Nagashri, Nāgaśrī: 6 definitions



Nagashri means something in Hinduism, Sanskrit, Jainism, Prakrit. If you want to know the exact meaning, history, etymology or English translation of this term then check out the descriptions on this page. Add your comment or reference to a book if you want to contribute to this summary article.

The Sanskrit term Nāgaśrī can be transliterated into English as Nagasri or Nagashri, using the IAST transliteration scheme (?).

In Hinduism

Purana and Itihasa (epic history)

[«previous next»] — Nagashri in Purana glossary
Source: Puranic Encyclopedia

Nāgaśrī (नागश्री).—Wife of King Dharmadatta of Kosala. Tārādattā was their daughter. (See under Dharmadatta).

Purana book cover
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The Purana (पुराण, purāṇas) refers to Sanskrit literature preserving ancient India’s vast cultural history, including historical legends, religious ceremonies, various arts and sciences. The eighteen mahapuranas total over 400,000 shlokas (metrical couplets) and date to at least several centuries BCE.

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Kavya (poetry)

[«previous next»] — Nagashri in Kavya glossary
Source: Wisdom Library: Kathāsaritsāgara

Nāgaśrī (नागश्री) is the wife of Dharmadatta: king of Kośala, according to a story in the Kathāsaritsāgara, chapter 27. Accordingly, “there once lived a king named Dharmadatta, the lord of Kośala; he had a queen named Nāgaśrī, who was devoted to her husband and was called Arundhatī on the earth, as, like her, she was the chief of virtuous women”.

The story of Nāgaśrī and Dharmadatta was narrated to king Kaliṅgadatta by his wife Tārādattā in order to demonstrate that “actions, good and bad, have a wonderful power, producing the perception of joy and sorrow”.

The Kathāsaritsāgara (‘ocean of streams of story’), mentioning Nāgaśrī, is a famous Sanskrit epic story revolving around prince Naravāhanadatta and his quest to become the emperor of the vidyādharas (celestial beings). The work is said to have been an adaptation of Guṇāḍhya’s Bṛhatkathā consisting of 100,000 verses, which in turn is part of a larger work containing 700,000 verses.

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Kavya (काव्य, kavya) refers to Sanskrit poetry, a popular ancient Indian tradition of literature. There have been many Sanskrit poets over the ages, hailing from ancient India and beyond. This topic includes mahakavya, or ‘epic poetry’ and natya, or ‘dramatic poetry’.

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In Jainism

General definition (in Jainism)

Source: Trisastisalakapurusacaritra

Nāgaśrī (नागश्री) is the wife of Nāgila from Nandi, as mentioned in chapter 1.1 [ādīśvara-caritra] of Hemacandra’s 11th century Triṣaṣṭiśalākāpuruṣacaritra (“lives of the 63 illustrious persons”): a Sanskrit epic poem narrating the history and legends of sixty-three important persons in Jainism.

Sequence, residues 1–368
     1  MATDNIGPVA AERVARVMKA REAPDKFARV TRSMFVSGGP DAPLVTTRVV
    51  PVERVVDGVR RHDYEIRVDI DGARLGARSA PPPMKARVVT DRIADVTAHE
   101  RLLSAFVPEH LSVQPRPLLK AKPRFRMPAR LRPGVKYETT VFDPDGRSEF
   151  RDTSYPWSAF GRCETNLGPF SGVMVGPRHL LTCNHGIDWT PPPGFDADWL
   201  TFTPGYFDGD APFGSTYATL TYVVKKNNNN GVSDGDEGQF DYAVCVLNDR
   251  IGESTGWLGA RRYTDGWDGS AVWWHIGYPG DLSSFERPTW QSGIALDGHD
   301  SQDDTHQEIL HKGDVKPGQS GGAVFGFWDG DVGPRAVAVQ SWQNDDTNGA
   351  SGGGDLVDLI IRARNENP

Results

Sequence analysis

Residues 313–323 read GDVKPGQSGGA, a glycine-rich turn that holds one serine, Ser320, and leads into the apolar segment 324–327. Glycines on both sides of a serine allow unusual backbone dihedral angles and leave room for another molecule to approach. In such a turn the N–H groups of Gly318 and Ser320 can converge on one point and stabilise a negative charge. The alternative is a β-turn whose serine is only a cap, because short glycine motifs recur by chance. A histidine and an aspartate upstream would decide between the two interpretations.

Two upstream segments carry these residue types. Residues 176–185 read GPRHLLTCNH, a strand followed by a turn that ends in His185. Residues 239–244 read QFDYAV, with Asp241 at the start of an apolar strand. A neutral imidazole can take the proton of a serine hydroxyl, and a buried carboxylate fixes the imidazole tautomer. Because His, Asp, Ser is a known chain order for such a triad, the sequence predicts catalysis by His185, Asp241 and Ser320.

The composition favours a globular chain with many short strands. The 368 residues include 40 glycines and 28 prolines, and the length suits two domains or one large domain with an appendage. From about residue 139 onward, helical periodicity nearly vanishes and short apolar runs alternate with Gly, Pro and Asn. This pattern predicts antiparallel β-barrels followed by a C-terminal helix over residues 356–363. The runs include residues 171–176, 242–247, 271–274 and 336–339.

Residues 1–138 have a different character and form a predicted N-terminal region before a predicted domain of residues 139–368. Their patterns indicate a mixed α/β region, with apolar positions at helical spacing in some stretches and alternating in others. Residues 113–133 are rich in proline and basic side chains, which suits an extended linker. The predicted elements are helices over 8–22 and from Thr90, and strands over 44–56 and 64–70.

Accordingly, as the incarnation of Svayambuddha said to the incarnation of king Mahābala:

“[...] in the village Nandi, there is a miserable householder, named Nāgila. Wandering like a ghost daily to fill his stomach, he goes to bed hungry and thirsty and gets up the same. He has a wife, like hunger to poverty, named Nāgaśrī, crest-jewel of the unfortunate. He has six daughters, daughter after daughter, like boils on the body of a man with skin-disease, boil under boil. [...]”.

General definition book cover
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Jainism is an Indian religion of Dharma whose doctrine revolves around harmlessness (ahimsa) towards every living being. The two major branches (Digambara and Svetambara) of Jainism stimulate self-control (or, shramana, ‘self-reliance’) and spiritual development through a path of peace for the soul to progess to the ultimate goal.

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Languages of India and abroad

Sanskrit dictionary

Source: Cologne Digital Sanskrit Dictionaries: Monier-Williams Sanskrit-English Dictionary

Nāgaśrī (नागश्री):—[=nāga-śrī] [from nāga] f. Name of a princess, [ib.]

[Sanskrit to German] (Deutsch Wörterbuch)

Source: Cologne Digital Sanskrit Dictionaries: Böhtlingk and Roth Grosses Petersburger Wörterbuch

Nāgaśrī (नागश्री):—(1. nāga + śrī) f. Nomen proprium einer Königin [SOM.] in Berichte der [?k. s. G. d. Ww. 1860, S. 107.]

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Sanskrit, also spelled संस्कृतम् (saṃskṛtam), is an ancient language of India commonly seen as the grandmother of the Indo-European language family (even English!). Closely allied with Prakrit and Pali, Sanskrit is more exhaustive in both grammar and terms and has the most extensive collection of literature in the world, greatly surpassing its sister-languages Greek and Latin.

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